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Case Study Yucca Mountain

opinionated Essay
697 words
697 words
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Yucca Mountain: Just Do Something The Nuclear Waste Repository at Yucca Mountain is an empty, $15 billion, 32-mile-long hole in the ground. If federal legislators fail to come to a consensus on the storage of our ever increasing stockpile of nuclear waste, the results could be fiscally, environmentally, and politically toxic. Congress’ on again, off again relationship with the Nuclear Waste Repository at Yucca Mountain has left the facility dormant. Ironic, as Yucca Mountain is, in fact, a relic of volcanic activity. Eruptions at the site ended approximately 10 million years ago, leaving a structure largely comprised of a volcanic rock known as tuff. Tuff, a dense mixture of ash, gas, and crystalline minerals, provides a natural barrier to any nuclear waste penetrating the water table deep beneath Yucca Mountain. Its location, …show more content…

In this essay, the author

  • Opines that congress' on again, off again relationship with the nuclear waste repository at yucca mountain has left the facility dormant.
  • Explains that yucca mountain's location, adjacent to a former nuclear weapons test site, and geologic stability pressed congress to fast track research into the viability of nuclear waste storage facilities.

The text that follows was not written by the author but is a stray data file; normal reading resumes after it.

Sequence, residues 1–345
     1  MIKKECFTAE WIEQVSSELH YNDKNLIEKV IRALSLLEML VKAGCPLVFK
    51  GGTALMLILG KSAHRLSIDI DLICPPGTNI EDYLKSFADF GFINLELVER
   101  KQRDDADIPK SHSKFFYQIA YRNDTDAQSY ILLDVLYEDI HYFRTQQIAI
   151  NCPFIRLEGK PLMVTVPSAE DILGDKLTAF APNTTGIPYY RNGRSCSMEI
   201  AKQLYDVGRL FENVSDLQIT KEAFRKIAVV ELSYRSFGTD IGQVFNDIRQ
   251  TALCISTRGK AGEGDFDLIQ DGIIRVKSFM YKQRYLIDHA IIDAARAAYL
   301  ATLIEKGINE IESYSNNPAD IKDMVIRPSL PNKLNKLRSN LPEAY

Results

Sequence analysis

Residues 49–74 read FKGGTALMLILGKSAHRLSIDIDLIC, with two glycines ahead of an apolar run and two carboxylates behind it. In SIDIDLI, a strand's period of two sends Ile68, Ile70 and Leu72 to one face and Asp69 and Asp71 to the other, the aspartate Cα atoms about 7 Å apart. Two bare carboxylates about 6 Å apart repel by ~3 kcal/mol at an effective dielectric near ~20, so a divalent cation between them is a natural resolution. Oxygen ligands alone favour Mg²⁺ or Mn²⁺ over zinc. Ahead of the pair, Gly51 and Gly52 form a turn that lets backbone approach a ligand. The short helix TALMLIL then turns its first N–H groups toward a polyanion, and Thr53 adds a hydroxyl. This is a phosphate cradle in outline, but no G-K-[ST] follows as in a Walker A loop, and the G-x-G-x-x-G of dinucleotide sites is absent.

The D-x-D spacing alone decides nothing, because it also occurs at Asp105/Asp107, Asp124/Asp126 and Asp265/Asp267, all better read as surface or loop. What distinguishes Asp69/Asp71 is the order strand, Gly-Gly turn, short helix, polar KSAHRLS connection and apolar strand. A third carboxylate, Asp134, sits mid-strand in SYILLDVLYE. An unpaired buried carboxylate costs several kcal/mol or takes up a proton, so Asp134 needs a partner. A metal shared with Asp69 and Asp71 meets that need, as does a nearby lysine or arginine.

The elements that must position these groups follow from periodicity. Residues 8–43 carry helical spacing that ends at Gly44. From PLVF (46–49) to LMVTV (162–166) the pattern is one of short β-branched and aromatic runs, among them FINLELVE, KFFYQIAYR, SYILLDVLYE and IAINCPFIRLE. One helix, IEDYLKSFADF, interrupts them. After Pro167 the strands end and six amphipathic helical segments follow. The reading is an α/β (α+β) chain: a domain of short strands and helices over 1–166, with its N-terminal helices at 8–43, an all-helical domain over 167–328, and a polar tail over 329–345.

• Explains that in an attempt to meet the deadlines outlined in the 1982 legislation, congress eliminated two of the three sites under consideration, leaving only yucca mountain.
  • Explains that a political alliance between harry reid and president obama has stymied any attempts to store nuclear waste at the completed facility.
  • Opines that the decentralization of nuclear waste storage across nearly 100 nuclear energy facilities will continue to stretch regulatory and security resources thin.
  • Opines that the federal government has failed to utilize its citizen's money effectively. obstructive politicians will force the government to repay the $31 billion it has collected from providers since 1982, including the money used to construct the nuclear repository.
  • Opines that yucca mountain is safe, ready, and a tool that could help ensure the safety and prosperity of the united states.

The decentralization of nuclear waste storage across nearly 100 nuclear energy facilities will continue to stretch regulatory and security resources thin, as operators begin to use dry waste casks that sit outside, in open air, near a main storage facility. The construction of these casks is funded entirely by the federal government in order to satisfy the storage requirements of individual facilities. Requirements that have increased as a result of a reluctance to utilize Yucca Mountain. As a matter of fiduciary responsibility, the federal government has failed to utilize its citizen’s money in an effective manner. By kicking the radioactive can down the road, obstructive politicians will force the government to repay the approximate $31 billion it has collected from providers since 1982, including the money used to construct the Nuclear Repository. These costs will continue to climb as nuclear energy facilities continue to charge the federal government for nuclear waste

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